Study Registration: This pooled analysis is based on data from Phase IV clinical trials registered on the US National Institutes of Health www.ClinicalTrials.gov database under study identifiers NCT01460485, NCT01507220, NCT01507233, NCT01509638, NCT01509807, NCT01509820, NCT01461122, NCT01461135, NCT01534988, and NCT01507246.
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http://dx.doi.org/10.2147/JPR.S63764DOI Listing
http://www.ncbi.nlm.nih.gov/pmc/articles/PMC4075953PMC
July 2014

Association between surgeon characteristics and their preferences for guideline-concordant staging and treatment for rectal cancer.

Am J Surg 2014 Nov 8;208(5):817-823. Epub 2014 Jun 8.

Division of Gastrointestinal Surgery, Minimally Invasive and Bariatric Surgery, Department of Surgery, University of Iowa College of Medicine, Iowa City, IA, USA.

Background: Rectal cancer guidelines recommend transrectal ultrasound or magnetic resonance imaging for locoregional staging and neoadjuvant chemoradiation therapy (CRT) for Stage II/III disease, but studies show these are underutilized. We examined how surgeon preferences align with guidelines or vary by training.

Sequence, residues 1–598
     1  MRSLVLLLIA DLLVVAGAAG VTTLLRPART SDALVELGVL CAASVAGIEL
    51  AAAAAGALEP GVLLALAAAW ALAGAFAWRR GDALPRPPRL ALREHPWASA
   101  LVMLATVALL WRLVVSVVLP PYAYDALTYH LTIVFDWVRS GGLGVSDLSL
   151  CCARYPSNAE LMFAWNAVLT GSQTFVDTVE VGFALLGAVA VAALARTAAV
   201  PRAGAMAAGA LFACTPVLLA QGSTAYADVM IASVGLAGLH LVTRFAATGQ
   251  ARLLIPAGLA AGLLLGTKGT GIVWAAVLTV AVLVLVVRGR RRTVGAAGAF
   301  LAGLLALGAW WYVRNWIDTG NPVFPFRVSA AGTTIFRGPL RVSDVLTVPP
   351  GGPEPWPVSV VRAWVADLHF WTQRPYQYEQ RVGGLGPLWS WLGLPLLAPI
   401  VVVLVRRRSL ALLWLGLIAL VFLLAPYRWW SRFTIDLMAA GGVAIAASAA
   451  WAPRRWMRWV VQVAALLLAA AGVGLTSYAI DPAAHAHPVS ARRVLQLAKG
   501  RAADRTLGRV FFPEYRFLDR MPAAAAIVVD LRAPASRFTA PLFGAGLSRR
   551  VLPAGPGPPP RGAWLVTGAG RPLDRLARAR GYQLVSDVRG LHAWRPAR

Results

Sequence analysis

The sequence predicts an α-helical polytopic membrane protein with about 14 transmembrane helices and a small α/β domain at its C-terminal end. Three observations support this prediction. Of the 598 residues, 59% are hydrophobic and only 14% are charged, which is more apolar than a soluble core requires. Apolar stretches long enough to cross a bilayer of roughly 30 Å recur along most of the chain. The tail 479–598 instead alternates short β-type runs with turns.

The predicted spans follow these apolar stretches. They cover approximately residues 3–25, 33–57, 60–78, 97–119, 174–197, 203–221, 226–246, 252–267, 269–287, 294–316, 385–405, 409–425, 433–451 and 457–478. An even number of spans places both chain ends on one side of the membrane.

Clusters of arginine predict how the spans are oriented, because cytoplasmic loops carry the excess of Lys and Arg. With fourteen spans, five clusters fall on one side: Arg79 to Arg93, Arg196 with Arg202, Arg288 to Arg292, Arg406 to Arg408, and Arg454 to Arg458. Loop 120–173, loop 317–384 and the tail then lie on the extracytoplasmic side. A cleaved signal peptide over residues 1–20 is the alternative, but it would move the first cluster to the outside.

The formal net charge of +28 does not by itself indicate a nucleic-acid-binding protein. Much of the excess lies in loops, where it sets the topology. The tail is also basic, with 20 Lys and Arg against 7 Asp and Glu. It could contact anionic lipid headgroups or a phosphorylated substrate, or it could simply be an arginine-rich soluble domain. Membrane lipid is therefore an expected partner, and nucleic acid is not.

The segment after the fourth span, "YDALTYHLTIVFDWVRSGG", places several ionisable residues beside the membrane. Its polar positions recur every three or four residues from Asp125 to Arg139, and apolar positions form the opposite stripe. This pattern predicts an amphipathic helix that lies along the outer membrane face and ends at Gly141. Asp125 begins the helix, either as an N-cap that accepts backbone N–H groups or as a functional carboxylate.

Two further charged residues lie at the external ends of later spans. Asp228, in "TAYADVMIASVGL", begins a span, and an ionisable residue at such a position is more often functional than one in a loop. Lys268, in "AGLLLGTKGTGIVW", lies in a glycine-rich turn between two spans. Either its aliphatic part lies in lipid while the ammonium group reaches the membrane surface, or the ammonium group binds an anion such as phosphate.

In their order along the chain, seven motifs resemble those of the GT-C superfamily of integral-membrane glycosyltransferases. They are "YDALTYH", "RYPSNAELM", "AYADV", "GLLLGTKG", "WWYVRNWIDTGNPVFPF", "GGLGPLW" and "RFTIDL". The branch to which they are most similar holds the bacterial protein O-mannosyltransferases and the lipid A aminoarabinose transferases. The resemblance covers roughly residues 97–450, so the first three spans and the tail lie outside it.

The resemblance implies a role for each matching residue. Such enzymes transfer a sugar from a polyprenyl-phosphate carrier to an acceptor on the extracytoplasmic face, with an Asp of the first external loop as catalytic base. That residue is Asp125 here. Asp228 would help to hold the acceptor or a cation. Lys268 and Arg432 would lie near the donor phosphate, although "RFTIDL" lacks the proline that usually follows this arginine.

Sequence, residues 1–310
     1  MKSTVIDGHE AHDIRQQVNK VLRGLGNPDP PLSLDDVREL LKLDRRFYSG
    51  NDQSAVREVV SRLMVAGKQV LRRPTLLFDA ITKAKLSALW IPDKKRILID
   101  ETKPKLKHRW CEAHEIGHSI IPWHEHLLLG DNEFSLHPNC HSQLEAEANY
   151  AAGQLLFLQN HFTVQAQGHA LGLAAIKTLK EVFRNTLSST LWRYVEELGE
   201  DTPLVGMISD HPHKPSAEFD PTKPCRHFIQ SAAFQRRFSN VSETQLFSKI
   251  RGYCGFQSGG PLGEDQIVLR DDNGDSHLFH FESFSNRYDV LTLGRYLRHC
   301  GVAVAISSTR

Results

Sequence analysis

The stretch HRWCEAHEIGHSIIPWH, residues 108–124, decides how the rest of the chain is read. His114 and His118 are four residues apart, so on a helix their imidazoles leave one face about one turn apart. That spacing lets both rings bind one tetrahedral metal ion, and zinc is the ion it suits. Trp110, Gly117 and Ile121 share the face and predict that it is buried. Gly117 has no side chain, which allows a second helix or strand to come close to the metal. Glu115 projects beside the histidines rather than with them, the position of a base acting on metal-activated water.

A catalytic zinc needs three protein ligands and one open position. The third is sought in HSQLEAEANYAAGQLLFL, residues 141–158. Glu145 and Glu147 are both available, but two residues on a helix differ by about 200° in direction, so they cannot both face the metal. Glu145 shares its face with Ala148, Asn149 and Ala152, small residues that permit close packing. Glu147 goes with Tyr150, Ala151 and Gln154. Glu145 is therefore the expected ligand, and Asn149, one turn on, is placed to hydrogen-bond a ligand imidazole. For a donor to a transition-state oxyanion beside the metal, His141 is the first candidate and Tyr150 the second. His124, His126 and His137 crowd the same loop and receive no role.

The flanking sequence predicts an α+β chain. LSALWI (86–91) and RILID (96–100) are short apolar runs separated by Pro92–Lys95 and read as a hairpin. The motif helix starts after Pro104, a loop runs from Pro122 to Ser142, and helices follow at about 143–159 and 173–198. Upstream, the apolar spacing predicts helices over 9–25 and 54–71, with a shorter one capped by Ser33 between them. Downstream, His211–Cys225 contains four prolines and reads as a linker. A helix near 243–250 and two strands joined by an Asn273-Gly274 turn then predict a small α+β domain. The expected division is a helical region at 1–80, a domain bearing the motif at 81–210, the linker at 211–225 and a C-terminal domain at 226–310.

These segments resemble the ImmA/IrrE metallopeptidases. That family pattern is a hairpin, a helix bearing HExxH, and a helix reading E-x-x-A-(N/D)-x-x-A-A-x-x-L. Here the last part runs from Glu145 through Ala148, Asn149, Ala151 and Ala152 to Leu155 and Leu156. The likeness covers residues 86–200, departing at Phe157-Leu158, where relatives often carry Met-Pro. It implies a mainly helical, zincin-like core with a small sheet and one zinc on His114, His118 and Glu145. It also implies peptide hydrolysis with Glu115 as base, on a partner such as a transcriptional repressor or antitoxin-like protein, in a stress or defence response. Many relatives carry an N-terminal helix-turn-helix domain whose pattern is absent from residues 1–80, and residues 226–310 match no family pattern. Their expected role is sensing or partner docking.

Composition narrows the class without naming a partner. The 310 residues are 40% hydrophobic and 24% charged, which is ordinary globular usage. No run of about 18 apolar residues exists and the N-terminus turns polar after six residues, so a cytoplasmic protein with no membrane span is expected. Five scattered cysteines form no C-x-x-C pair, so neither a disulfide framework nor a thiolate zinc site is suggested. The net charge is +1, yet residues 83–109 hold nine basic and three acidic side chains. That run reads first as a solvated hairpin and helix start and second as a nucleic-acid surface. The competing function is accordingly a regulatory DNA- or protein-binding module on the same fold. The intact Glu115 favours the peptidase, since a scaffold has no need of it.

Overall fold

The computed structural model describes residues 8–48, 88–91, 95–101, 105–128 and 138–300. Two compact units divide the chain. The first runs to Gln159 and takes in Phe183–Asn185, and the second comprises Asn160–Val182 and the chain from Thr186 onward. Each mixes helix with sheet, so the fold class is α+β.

Methods: Questionnaires on training, years of practice, and staging/treatment preferences were sent to surgeons practicing in Florida.

Results: Of 759 surveys distributed, 321 (42%) responded; 158 were excluded because they were trainees, not treating rectal cancer, or not board certified/eligible. Among the remaining 163, 71% were general surgeons, 18% colorectal surgeons, and 11% surgical oncologists. Colorectal surgeons and surgical oncologists were more likely than general surgeons to prefer transrectal ultrasound/magnetic resonance imaging (79% vs 50%; P < .01), and neoadjuvant CRT (71% vs 45%; P < .01). Differences remained significant after adjusting for years in practice.